Who Has Time for Flossing?

You’ve heard again and again how important flossing is and how you should make it a daily habit…but the truth is, flossing does take time and who has time to floss when brushing for the recommended two minutes is already pressing it?

As the obligatory reiteration of what your dentist and hygienist are always lecturing you about, flossing is important because there are areas that the tooth-brush bristles just cannot reach and clean – namely the sides of the teeth where they butt up against each other. If not cleaned using floss, plaque and debris collect and fester and these areas become highly prone to cavities. Over time, plaque and calculus build up between teeth can also cause bone loss and periodontal disease.

Many people forego flossing because it can be “time-consuming,” the floss can be uncomfortably wrapped around fingers seemingly cutting off circulation, floss can leave hands feeling grimy, the gums will bleed, and it can be hard to reach the areas all the way back in the mouth.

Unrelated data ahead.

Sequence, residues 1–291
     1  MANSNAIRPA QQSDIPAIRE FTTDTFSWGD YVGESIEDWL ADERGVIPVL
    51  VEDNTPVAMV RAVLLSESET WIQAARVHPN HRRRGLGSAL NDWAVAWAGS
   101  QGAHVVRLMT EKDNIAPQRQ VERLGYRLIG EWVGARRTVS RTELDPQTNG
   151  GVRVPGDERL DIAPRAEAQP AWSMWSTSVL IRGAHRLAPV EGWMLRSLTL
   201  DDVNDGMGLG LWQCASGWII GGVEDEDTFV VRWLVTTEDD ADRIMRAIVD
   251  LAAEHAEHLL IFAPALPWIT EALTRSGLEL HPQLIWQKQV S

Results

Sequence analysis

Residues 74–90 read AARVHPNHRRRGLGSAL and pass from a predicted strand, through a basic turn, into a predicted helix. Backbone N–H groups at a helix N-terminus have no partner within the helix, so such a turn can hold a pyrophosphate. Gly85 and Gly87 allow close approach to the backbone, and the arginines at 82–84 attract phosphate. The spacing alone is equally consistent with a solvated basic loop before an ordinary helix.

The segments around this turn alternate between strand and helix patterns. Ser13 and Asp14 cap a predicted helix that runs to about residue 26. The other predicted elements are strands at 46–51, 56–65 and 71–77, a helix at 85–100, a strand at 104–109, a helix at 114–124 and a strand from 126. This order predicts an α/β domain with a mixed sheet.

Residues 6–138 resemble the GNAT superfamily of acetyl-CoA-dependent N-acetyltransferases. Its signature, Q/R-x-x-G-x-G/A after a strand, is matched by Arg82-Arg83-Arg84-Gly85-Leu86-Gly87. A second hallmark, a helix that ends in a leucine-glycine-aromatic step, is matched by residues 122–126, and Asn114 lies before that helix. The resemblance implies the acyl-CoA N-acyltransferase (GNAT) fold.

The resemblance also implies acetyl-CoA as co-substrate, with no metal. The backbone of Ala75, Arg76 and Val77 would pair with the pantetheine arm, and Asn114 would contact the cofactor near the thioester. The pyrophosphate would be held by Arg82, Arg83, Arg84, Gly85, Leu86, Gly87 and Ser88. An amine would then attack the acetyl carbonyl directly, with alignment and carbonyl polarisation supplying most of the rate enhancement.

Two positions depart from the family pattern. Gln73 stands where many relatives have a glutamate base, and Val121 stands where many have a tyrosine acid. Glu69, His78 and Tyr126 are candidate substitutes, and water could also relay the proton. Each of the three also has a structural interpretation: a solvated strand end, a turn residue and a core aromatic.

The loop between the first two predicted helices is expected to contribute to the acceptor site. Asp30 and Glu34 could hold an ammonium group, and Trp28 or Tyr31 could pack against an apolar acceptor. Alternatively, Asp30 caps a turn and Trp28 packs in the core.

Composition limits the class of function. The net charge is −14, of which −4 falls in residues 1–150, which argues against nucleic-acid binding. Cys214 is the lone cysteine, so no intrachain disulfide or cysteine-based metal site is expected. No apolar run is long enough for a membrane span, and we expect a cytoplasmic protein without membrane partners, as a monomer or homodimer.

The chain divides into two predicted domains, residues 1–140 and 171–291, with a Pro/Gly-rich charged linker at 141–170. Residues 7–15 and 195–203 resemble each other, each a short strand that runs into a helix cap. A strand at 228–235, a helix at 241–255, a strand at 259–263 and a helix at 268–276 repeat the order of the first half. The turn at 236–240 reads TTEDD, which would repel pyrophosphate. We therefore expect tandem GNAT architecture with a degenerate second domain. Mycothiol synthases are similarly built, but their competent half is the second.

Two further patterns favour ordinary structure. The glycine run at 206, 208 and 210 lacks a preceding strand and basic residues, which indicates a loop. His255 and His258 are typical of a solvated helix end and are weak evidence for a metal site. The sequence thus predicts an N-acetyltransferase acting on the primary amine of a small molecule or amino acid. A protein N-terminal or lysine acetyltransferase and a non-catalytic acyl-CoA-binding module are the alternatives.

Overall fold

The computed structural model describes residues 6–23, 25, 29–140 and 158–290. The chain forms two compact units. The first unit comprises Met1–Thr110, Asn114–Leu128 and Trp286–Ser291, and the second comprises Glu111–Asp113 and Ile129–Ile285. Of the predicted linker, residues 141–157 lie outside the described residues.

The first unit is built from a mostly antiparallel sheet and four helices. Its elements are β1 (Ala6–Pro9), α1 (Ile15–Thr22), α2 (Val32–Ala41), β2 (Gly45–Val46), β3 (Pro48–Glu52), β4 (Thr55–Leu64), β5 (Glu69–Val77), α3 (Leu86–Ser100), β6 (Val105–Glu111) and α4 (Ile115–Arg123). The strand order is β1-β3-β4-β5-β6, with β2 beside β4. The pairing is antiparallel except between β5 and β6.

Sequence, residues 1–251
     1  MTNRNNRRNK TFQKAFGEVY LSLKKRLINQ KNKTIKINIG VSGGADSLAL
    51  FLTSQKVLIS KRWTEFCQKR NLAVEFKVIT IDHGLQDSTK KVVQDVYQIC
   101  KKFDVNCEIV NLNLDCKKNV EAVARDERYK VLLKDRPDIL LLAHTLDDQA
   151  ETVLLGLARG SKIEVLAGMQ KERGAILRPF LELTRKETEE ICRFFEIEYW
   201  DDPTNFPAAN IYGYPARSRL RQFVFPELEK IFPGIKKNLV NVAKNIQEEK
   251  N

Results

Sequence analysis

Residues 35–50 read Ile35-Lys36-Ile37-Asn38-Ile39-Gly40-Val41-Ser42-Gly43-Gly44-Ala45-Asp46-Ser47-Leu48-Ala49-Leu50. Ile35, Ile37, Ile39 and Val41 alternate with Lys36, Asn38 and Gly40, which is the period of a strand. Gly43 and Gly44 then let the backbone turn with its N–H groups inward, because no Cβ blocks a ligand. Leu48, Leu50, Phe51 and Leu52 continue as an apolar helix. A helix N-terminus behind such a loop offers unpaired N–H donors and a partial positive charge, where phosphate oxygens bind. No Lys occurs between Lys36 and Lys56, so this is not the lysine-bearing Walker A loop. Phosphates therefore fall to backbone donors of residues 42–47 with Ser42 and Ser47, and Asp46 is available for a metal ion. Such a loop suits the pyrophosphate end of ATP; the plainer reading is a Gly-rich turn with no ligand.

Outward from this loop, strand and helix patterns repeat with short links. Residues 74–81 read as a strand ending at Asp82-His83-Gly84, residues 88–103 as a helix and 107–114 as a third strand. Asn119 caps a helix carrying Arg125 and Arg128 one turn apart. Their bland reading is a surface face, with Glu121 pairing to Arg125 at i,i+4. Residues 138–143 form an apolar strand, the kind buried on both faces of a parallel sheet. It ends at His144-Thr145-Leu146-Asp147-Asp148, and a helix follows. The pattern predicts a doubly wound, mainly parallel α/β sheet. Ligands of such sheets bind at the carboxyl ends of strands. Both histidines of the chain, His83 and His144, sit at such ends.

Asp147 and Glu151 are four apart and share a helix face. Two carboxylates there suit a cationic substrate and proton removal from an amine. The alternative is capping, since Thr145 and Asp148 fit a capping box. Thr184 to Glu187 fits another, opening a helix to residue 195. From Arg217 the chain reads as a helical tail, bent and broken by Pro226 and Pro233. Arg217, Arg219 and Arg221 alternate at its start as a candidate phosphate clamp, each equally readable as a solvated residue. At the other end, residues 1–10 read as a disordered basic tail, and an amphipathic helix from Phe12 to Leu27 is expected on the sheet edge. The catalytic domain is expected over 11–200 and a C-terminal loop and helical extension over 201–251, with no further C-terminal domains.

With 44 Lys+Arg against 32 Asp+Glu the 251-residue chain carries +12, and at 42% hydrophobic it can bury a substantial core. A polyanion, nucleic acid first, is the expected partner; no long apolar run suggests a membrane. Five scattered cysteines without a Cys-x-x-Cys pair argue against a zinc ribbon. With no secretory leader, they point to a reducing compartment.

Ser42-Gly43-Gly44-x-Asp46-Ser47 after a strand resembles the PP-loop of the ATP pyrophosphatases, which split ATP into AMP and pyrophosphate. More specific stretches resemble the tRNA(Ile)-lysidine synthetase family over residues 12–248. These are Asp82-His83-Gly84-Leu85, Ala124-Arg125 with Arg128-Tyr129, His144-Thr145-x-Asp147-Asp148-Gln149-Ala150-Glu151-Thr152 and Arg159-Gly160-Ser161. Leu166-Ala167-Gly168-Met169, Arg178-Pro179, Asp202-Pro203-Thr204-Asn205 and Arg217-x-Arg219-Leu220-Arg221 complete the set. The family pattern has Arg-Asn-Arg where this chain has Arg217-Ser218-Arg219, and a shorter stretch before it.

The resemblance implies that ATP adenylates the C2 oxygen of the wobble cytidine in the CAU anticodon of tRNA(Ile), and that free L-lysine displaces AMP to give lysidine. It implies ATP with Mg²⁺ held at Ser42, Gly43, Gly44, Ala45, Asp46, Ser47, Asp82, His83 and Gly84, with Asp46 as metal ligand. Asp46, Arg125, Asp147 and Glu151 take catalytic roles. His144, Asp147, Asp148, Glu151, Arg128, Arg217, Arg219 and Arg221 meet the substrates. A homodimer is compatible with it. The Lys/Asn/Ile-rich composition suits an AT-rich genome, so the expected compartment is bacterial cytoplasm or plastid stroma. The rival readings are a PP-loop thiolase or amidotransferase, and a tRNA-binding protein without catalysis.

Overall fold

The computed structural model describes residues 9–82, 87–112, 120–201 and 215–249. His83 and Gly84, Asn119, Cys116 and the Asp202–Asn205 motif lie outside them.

There are marketed products out there, such as the water picks or “flossers” that are helpful in flushing out large chunks of debris from between teeth, but they cannot remove all the plaque that’s actually stuck to the sides of the teeth. This plaque is only removed by manually scrubbing these surfaces with floss. While the use of these water flossers is better than nothing, there is still no comparison to regular, old-fashioned flossing.

A great tip for patients is to try and find a convenient and regular time to floss. Many people are tired at night and just want to quickly brush and hop into bed, and flossing will again unfortunately have to wait until another night. We find that this is not a particularly consistent and convenient time to floss, so we suggest finding another time in the day – whether it is while watching a TV show, reading a book, or our personal favorite – in the shower. Really, flossing in the shower makes so much sense. Most people shower on a daily basis (so that will automatically make flossing more regular), your grimy-feeling hands will immediately be cleaned with soap and water (which you’re standing in already), and you can immediately rinse that blood-tinged taste out of your mouth (using the water that is already running down).

Check out the video of our brilliant tip in action!

FlossingLandmark Dental Group Contact | Santa Cruz